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I started paddling 2 summers ago and have completely fallen in love with it. I play boat in the pool all winter and get on a river as soon as there is enough water in the spring. The only problem is that I am 52 years old. Is there a future for me. Are there any older paddlers out there that can give me something to look forward to.
Thanks a ton in advance!:confused:
 

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It's about the journey, not the destination

No ofense, but you post a seemingly silly question. I mean, you say you just fell in love with it but sound like you wonder if you already should give it up. What's the deal? Are you afraid it is too good for you or you not deserving enough? Seriously! Unless your body is injured, so to not allow continuing, then why ask. Why not just keep enjoying it. Age doesn't matter. Lets hope we can still paddle at least III and IV when we're 80. There are plenty of older boaters these days. Some of us started long ago and are still going strong. Others seem to just be getting into it. It's all good. Kayaking can bring you more happiness than almost any sport ... if you love it. It's all about enjoying it. See where it takes you. Keep the faith and leave no trace.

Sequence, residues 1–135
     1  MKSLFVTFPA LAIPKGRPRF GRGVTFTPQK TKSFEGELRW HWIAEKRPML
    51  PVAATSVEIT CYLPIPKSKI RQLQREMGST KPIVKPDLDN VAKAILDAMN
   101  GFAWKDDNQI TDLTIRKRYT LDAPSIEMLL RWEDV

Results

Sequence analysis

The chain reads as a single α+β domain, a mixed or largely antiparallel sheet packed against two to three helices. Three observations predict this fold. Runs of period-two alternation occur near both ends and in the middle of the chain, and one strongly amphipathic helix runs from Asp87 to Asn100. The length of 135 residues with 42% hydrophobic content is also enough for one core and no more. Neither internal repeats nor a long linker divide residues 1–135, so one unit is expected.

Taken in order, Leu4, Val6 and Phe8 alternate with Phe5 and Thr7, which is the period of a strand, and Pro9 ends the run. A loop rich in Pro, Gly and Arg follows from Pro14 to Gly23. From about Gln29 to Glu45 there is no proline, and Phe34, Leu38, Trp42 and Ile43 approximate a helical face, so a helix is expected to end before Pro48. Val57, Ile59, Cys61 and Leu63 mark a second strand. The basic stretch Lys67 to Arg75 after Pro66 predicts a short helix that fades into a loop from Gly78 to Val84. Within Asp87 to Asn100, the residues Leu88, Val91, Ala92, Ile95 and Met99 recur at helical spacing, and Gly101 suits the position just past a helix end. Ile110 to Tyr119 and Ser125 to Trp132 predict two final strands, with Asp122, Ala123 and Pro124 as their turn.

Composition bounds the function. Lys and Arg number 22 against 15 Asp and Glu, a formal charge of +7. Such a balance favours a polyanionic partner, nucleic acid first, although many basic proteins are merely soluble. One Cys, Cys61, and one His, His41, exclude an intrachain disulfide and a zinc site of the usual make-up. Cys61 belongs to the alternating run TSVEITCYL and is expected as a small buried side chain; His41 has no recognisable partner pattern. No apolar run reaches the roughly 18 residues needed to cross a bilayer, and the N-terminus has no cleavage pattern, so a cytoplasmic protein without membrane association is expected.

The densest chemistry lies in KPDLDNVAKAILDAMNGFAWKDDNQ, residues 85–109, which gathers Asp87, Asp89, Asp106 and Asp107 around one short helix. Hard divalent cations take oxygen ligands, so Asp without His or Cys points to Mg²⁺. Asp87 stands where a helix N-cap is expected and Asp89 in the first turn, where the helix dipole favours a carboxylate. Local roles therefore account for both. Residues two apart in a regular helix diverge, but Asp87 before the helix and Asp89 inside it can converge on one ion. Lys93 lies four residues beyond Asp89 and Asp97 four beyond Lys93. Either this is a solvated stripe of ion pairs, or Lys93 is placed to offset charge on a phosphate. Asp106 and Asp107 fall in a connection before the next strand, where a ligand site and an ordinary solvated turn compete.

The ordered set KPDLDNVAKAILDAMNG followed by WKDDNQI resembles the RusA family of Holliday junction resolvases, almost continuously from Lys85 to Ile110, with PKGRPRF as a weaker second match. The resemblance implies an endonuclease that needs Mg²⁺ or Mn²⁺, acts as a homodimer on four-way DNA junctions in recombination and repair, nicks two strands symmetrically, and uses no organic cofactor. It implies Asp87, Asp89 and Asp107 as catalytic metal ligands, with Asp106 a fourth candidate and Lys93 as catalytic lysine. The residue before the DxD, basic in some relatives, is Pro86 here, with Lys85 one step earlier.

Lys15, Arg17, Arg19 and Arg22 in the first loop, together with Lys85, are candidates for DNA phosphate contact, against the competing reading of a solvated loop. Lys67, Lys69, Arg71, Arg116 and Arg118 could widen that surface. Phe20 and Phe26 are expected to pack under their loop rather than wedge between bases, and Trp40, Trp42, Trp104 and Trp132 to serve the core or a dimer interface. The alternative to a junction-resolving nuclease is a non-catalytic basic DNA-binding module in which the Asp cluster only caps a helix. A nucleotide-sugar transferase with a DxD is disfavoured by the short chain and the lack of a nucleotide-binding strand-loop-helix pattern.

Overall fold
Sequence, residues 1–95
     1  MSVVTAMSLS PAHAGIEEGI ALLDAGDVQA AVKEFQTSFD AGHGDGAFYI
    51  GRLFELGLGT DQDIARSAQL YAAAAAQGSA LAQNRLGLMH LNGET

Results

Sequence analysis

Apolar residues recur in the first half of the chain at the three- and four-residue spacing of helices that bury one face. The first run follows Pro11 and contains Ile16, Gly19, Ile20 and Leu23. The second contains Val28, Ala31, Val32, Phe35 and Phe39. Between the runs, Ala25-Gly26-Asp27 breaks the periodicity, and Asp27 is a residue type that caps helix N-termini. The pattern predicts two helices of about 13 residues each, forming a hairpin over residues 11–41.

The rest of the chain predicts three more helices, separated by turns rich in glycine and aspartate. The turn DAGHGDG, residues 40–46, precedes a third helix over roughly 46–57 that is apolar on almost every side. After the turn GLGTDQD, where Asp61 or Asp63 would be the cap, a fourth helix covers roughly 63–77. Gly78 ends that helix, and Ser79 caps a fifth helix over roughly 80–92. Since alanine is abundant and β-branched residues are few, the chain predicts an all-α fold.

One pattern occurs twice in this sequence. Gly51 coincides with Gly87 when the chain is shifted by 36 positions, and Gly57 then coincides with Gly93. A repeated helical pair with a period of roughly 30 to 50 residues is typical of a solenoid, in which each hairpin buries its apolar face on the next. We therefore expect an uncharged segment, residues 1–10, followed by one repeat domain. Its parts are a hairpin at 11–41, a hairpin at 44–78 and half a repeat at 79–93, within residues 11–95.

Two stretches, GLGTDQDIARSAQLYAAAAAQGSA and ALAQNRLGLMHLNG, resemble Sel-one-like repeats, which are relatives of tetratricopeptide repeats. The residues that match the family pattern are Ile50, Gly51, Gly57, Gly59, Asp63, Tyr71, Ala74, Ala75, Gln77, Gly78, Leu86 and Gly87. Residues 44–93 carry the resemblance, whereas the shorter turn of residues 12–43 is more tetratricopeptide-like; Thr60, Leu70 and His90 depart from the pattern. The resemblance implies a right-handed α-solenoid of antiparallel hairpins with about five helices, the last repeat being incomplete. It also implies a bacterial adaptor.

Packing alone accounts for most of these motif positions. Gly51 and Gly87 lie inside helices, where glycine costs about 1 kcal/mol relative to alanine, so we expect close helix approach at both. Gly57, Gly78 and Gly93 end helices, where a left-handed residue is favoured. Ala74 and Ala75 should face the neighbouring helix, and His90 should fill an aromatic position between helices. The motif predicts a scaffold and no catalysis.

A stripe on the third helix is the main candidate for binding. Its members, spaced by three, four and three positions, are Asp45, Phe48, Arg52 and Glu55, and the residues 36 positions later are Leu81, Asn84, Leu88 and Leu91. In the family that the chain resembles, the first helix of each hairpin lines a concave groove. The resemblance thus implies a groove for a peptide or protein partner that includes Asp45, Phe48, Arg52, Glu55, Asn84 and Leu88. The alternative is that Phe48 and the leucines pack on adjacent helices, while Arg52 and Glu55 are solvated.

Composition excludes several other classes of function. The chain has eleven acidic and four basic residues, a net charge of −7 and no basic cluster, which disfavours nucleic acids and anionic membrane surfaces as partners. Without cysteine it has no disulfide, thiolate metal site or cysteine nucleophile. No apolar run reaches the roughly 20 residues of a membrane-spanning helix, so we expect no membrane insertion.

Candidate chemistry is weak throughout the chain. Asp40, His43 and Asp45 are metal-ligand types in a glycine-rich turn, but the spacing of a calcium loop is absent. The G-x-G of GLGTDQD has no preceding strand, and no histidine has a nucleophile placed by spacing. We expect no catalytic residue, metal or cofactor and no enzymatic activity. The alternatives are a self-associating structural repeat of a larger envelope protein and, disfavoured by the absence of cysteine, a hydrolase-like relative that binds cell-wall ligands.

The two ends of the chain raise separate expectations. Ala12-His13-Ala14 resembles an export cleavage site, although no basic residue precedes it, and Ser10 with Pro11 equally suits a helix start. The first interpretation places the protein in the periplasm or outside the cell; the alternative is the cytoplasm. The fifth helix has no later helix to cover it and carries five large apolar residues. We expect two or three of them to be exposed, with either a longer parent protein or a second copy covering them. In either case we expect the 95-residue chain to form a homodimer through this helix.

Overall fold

Cheers!
 

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I started paddling 2 summers ago and have completely fallen in love with it. I play boat in the pool all winter and get on a river as soon as there is enough water in the spring. The only problem is that I am 52 years old. Is there a future for me. Are there any older paddlers out there that can give me something to look forward to.
Thanks a ton in advance!:confused:
Last summer I paddled the FIBARK race with a paddler who was 71 and I think he had more fun than anyone else on the river. So, in answer to your question, yes, there is a future for you.

As Ken said, it's all about enjoying it. As long as your having fun, don't worry about it. Once you stop having fun, then it's time to put up a post.:)
 

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hell yeah. get after it. "Believe me, my young friend, there is nothing--absolute nothing--half so much worth doing as simply messing about in boats. Simply messing,' he went on dreamily: `messing--about--in--boats; messing----'"
 

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I started paddling 2 summers ago and have completely fallen in love with it. I play boat in the pool all winter and get on a river as soon as there is enough water in the spring. The only problem is that I am 52 years old. ...
Starting out at 50 isn't a problem. You have a huge advantage over every other 50 year old kayaker out there: you are fresh! Your shoulders are not a blown out mess of torn thingies, tweaks, and scar tissue, unlike just about every other 50 year old kayaker out there.

Another advantage of starting late: you are crafty, wise, and afraid of stuff that can kill you and that will serve you well on the river.
 

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There's no such thing as too old

HI Brenda,